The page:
This is the largest group of antibiotics. They all share a structural similarity, the beta-lactam ring.
The various chemicals attached to the beta lactam ring are what give the different members of this group their different properties.
Penicillin was the first of the beta lactams, and after the discovery of the beta lactams nucleus, modifications were made to alter its spectrum of activity (the range of organisms that it is active against).
Later on, cephalosporins were discovered – also the product of a type of fungus, and again, modifications of the various chemical structures around the beta lactams ring in cephalosporins allowed for changes in antibacterial activity. Cephalosporins were followed by the monobactams, and then the carbapenems.
Mechanism of action
These antibiotics all act by inhibiting cell wall synthesis. They bind to enzymes in the cell wall, which are responsible for putting the components of the cell wall together.
By inhibiting these enzymes, the organism is unable to synthesise the cell wall properly, and cannot replicate.
The various side chains on the beta lactams ring are what allow the antibiotic to either gain access to the enzymes in the cell wall, or else to resist the effect of certain resistance mechanisms of the bacteria, and this is how the modifications of the side chains change the antibacterial activity of the antibiotic.
Although some of these agents are only available by injection, many beta lactams (the penicillins and cephalosporins) can be given orally as well as intravenously or intramuscularly.
This versatility means that they are commonly used in hospitals as well as in the community (ie in homes etc). Both aztreonam and the carbapenems are only available intravenously.
Spectrum of action
Beta lactams are active against a wide range of bacteria, and can therefore be used to treat a wide variety of infections.
Generally speaking, penicillins are active against Gram-positive organisms, although some penicillins have been modified (such as amoxicillin) or combined with other agents (such as clavulanic acid) to make them more active against Gram negative organisms.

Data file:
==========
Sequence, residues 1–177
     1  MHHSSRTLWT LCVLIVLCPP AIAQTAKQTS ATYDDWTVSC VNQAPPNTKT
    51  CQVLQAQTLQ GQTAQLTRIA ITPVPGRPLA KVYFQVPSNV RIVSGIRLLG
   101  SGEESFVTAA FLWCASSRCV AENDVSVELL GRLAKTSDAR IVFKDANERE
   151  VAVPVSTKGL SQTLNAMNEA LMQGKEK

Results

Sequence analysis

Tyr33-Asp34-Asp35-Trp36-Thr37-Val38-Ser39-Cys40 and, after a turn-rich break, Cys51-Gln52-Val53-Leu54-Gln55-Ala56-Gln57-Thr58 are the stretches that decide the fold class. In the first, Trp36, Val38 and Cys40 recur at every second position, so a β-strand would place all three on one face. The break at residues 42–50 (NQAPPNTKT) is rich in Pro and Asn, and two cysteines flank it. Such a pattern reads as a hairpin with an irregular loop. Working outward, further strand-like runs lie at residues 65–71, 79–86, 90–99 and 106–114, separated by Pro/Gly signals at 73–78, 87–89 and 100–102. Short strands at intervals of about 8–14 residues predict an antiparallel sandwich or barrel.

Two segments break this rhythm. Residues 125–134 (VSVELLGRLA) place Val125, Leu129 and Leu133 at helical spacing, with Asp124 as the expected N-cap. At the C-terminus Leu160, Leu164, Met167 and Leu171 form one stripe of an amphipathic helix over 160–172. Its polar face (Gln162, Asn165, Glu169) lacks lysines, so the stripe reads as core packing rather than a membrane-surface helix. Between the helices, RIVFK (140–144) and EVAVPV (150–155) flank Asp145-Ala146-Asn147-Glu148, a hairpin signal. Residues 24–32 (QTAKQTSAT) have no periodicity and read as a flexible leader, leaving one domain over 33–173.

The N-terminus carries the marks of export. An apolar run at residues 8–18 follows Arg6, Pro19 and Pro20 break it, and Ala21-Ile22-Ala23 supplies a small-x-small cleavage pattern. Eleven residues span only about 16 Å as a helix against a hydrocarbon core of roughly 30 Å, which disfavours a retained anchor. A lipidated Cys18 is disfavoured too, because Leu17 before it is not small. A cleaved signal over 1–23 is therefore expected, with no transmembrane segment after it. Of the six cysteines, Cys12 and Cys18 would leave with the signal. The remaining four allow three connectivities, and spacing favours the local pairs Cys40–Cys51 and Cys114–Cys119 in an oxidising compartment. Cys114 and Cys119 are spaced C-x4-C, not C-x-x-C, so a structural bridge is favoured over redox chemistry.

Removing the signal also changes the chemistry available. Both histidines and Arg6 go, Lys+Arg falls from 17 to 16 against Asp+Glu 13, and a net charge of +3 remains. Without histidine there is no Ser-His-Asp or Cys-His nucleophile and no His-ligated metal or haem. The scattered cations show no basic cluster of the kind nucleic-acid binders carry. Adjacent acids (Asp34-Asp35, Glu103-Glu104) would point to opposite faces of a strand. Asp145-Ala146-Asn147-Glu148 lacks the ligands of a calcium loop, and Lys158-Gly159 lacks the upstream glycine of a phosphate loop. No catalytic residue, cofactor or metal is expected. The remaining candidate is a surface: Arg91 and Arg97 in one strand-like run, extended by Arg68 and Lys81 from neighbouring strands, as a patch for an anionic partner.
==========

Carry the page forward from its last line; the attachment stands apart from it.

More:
The cephalosporins are active against both Gram positive and Gram-negative organisms, but the range of organisms varies depending on the type of cephalosporin.
Aztreonam is really only effective against Gram-negative organisms, while carbapenems are active against most bacteria (Gram positive and Gram negative).
However, carbapenems are only available intravenously, and are very expensive. They are thus only used in hospital settings to treat very severe infections, or to treat organisms that are very resistant to antibiotics.
Examples of infections commonly treated with beta lactams are:
- Pneumonia (penicillin or amoxicillin)
- Meningitis (ceftriaxone)
- Ear infections (amoxicillin or amoxicillin/clavulanic acid)
- Streptococcal pharyngitis (penicillin or amoxicillin)
- Urinary tract infections (amoxicillin/clavulanic acid or cefuroxime)
- Cellulitis (cloxacillin)
- Syphilis (penicillin)
- Gonorrhoea (ceftriaxone - used to be penicillin, but resistance to this agent is becoming more common)
These antibiotics are generally very safe. The most important side effect is allergic reactions, especially to penicillin. This can take several forms – ranging from a mild skin reaction to life threatening anaphylaxis (acute constriction of the airways and falling blood pressure which can be fatal if untreated).